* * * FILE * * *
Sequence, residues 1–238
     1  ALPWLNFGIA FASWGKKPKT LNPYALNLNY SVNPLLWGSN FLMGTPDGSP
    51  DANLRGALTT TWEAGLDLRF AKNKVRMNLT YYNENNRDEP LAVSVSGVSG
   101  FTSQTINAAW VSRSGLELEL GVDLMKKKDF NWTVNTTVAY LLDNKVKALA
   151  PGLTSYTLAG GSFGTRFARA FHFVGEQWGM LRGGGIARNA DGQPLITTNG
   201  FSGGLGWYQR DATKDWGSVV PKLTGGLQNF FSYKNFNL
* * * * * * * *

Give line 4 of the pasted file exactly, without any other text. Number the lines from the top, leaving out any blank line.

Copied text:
   101  FTSQTINAAW VSRSGLELEL GVDLMKKKDF NWTVNTTVAY LLDNKVKALA